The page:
The premise is simple: it is an elaboration of Mark 12:30
"And you must love the Lord your God with all your heart, all your soul, all your mind, and all your strength."
Naturally it's laid out in four parts: The Heart of Christianity, The Soul of Christianity, The Mind of Christianity, and the Strength of Christianity.
I must say that I've read and heard this verse many times; Mark Batterson's book helped it hit me with all the newness that anyone who's been a follower of any length of time hopes for.
One thing that strikes the reader about Batterson is that he is an intelligent guy, e.g. "counterfactual theory," "hippocampus," and "metacognitive ability." (pgs 26, 90, 115)
That is NOT to say that this is in any way "heady" or for "thinker types." The beauty of Batterson's writing is that it's based in Scripture and the brightest minds of this world, yet set upon a table that everyone can eat from; that's a gift.
Case and point, his appropriate intellect is countered by simple down home advice that's impossible to disagree with:
"I know we're busy, but no one is too busy to go to the bathroom, right? So here's an idea. If you simply put a book in your bathroom, you can read at least one book a month." pg 95
Ironically I began reading PRIMAL at the same time I was prepping a talk (click here to hear it) at Oakbrook Church on the topic of biblical generosity. His first section on the heart became the perfect thing for my own soul to wrestle with, and then in turn for our congregation to wrestle with. I credit this book with the bedrock of that impacting talk.
As he cleverly unwrapped each section (the different ways we are to love God), I noticed how much you and I camp out in one area in the name of "how God wired me" instead of fully living this life the way God intended.
I.e. thinkers love to love God with their mind at the peril of their heart and vice versa, while "white collar Christians" love to love God at an online computer at the peril of breaking a sweat for God with their bodies.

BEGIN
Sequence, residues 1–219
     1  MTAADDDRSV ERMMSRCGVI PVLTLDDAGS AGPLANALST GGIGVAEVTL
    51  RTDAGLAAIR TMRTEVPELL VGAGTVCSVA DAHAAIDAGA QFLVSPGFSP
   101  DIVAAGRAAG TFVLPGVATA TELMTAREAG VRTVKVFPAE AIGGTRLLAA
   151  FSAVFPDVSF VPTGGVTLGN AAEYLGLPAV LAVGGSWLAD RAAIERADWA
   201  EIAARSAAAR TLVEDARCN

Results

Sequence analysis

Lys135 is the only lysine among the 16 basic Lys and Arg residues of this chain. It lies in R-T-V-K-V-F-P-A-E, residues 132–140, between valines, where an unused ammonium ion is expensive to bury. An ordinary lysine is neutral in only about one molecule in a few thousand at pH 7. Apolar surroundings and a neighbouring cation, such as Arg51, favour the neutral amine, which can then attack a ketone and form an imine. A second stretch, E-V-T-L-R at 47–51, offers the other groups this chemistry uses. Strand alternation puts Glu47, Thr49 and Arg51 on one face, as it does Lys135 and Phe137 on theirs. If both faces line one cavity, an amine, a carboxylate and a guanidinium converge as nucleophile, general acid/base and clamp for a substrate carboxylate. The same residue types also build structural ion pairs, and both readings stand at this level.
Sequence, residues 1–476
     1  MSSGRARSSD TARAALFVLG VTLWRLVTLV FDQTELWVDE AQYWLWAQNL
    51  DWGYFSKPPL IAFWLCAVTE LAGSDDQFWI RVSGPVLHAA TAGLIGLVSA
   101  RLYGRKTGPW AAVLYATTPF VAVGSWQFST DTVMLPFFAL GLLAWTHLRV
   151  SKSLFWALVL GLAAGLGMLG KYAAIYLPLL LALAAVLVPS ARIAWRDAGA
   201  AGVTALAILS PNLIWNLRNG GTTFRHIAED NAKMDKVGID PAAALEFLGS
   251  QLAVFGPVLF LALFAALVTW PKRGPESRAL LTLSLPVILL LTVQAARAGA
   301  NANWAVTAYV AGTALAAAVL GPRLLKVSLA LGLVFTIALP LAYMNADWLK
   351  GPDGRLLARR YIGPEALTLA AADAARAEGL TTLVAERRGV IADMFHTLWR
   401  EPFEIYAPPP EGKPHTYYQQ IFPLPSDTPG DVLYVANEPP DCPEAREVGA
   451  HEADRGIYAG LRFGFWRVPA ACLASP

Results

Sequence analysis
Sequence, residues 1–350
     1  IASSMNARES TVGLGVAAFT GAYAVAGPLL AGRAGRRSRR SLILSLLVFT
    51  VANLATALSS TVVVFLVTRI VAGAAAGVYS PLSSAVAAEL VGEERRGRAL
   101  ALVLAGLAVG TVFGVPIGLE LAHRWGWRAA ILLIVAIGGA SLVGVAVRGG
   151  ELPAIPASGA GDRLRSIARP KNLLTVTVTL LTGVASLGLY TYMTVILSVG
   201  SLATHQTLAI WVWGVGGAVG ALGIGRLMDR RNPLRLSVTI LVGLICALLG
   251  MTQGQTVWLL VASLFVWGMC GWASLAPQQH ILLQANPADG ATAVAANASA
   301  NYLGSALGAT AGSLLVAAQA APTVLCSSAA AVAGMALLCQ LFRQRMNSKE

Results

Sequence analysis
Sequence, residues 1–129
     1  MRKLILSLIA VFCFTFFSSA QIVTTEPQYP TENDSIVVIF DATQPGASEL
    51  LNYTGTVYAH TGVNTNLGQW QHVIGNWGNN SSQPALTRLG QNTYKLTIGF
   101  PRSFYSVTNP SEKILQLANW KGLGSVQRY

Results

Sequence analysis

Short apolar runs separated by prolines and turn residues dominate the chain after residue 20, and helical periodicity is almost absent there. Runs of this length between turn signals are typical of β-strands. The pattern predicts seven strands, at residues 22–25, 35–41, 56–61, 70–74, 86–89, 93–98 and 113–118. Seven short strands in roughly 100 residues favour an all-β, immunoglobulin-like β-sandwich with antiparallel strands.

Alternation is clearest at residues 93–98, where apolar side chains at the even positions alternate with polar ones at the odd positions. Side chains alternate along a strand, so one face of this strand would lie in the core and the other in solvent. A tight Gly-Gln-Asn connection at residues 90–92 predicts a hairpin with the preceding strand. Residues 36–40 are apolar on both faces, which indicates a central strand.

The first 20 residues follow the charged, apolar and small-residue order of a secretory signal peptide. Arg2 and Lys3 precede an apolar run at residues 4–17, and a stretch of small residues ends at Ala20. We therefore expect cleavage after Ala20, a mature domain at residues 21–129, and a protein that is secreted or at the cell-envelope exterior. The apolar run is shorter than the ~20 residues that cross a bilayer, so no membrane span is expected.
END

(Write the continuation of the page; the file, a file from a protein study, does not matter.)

As we "specialize" and learn to work from our strengths there is a danger to not live fully in all the ways God has called us to. This book is a holistic plea for us to return to the lost soul of our faith, loving God in all the ways laid out in Mark 12:30.
Some things that I personally found interesting:
- Having a laugh with God is an important part of loving God with our mind. pg 93
- Christians need to ask more questions and admit we don't have all the answers instead of acting like we do. pg 96
- "Christianity was never intended to be a noun. And when we turn it into a noun, it becomes a turnoff." pg 135
- Sin is de-energizing. Obedience is energizing. pg 145
Who is this book for? It's for people new to or on the edge of coming to faith; it's a great healthy, accurate and compelling picture of what the life is that God's calling us into. (It's a more accurate and exciting picture than most churches have painted, I'm afraid.)
It's also for people who've been following Christ for a while--especially if you're finding you're a little less excited, you have a little less wonder, you have fewer questions, and you don't seem to be laughing as much as you'd like. It's helped me reawaken some of those things in me just in the week it took me to read it.
If I could do it over, I would have read it slower. It's really worthy of pouring over slowly, evaluating, and seeking God. It would be great for a couple friends to read together or even a small group.
I thought I was reading it because I got picked to write a review and get a free book. But I got picked because God knew just how much my soul needed watering.
It's a great read.
Check out Mark Batteron's site. Buy the book.